19. One other small circumstance may also be referred to and that is the provision for the payment of kist under the muchilika by the plaintiffs. No doubt it is not a very important circumstance. Still, having regard to the fact that in this country, owners of property are anxious to make it appear that they have themselves been paying the Government kist in respect; of their property, some value must be attached to the stipulation in this document that the Government kist was to be paid only by the plaintiffs-No doubt, if the plaintiffs are still regarded as owners of the property, that would be quite natural, but some explanation might be regarded necessary if under the transaction the defendants became the absolute owners and yet allowed or required the kist to be paid by the plaintiffs, instead of requiring the plaintiffs to pay an additional amount into their own hands and themselves paying, the same.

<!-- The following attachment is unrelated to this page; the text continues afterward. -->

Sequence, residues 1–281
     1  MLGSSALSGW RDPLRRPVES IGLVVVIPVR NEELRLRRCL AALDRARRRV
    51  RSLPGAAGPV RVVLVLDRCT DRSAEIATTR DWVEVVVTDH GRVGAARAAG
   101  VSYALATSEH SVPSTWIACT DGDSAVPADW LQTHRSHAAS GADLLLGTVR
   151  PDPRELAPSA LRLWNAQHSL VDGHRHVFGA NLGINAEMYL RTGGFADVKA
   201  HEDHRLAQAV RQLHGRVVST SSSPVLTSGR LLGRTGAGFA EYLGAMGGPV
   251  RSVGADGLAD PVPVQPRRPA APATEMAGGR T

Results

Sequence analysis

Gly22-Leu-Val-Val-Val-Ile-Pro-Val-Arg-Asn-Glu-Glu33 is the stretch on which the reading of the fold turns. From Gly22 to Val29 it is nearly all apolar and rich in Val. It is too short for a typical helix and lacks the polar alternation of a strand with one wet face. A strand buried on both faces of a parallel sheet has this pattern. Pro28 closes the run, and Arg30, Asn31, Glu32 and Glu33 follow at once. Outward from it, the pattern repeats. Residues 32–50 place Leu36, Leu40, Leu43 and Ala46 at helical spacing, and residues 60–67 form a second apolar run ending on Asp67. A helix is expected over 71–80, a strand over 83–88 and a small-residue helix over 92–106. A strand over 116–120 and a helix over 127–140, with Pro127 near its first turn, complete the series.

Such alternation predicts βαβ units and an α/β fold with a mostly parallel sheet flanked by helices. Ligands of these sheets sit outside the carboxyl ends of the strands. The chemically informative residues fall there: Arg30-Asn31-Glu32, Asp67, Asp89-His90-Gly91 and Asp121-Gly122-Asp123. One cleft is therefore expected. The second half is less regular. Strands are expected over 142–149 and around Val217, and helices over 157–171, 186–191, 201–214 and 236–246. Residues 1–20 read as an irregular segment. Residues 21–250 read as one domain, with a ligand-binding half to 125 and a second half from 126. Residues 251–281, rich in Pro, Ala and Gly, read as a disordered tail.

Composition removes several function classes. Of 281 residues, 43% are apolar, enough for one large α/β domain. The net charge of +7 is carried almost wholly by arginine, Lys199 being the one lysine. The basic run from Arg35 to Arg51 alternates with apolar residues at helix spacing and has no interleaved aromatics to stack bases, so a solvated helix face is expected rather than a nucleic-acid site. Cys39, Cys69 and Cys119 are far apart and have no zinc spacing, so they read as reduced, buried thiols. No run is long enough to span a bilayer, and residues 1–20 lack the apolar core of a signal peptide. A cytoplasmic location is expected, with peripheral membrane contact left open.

20. Another very important circumstance in this case is the manner in which this transaction according to the evidence comes to be concluded. The plaintiffs and their friend or adviser approaches' the late Rathnavelu Chetti, and Rathnavelu Chetti is asked to advance a sum of Rs. 4,500. In his own evidence, he states: he agreed to advance that amount, and there is no evidence of any bargaining for the price of the property. There is no reliable evidence with regard to the inspection of the property or the examination of the title deeds and the transaction, we find, is concluded. Now, are these facts by themselves consistent with the transaction having heer a purchase by Rathnavelu Chetti? It seems to me impossible to come to that conclusion. It is very significant that the transaction was described by Rathnavelu Chetti himself as one in which he was asked to advance an amount, and I noticed more than once the learned Counsel for the respondents himself using that language. The expression ' advance the amount ' while being very characteristic of money lent and intended to be repaid and secured by an instrument, is absolutely inconsistent with the purchase of property or the payment of price. There is no evidence that there was any motive for Rathnavelu Chetti seeking to acquire property in this locality. Why should there have been no bargaining at all unless it was that the transaction did not allow of any bargaining, because it was a transaction in which an amount was required to be advanced by way of loan '? Looking at all the circumstances of this transaction, it seems to me difficult to resist the conclusion that it was one merely of a loan and security and not of purchase of property by the late Rathnavelu Chetti. I have referred to Rathnavelu Chetti because it is admitted that it was Rathnavelu Chetti that paid the purchase money and brought about the transaction. Though the document stands in the name of Samarapuri Chetti, no question really arises, because Samarapuri Chetti did not go into the witness box and it has not been contended that he had anything to do with the transaction itself beyond perhaps lending his name. Though one or two other matters with regard to the surrounding circumstances were dealt with in the course of the argument, it seems to me sufficient to refer to these important matters so far as surrounding circumstances go.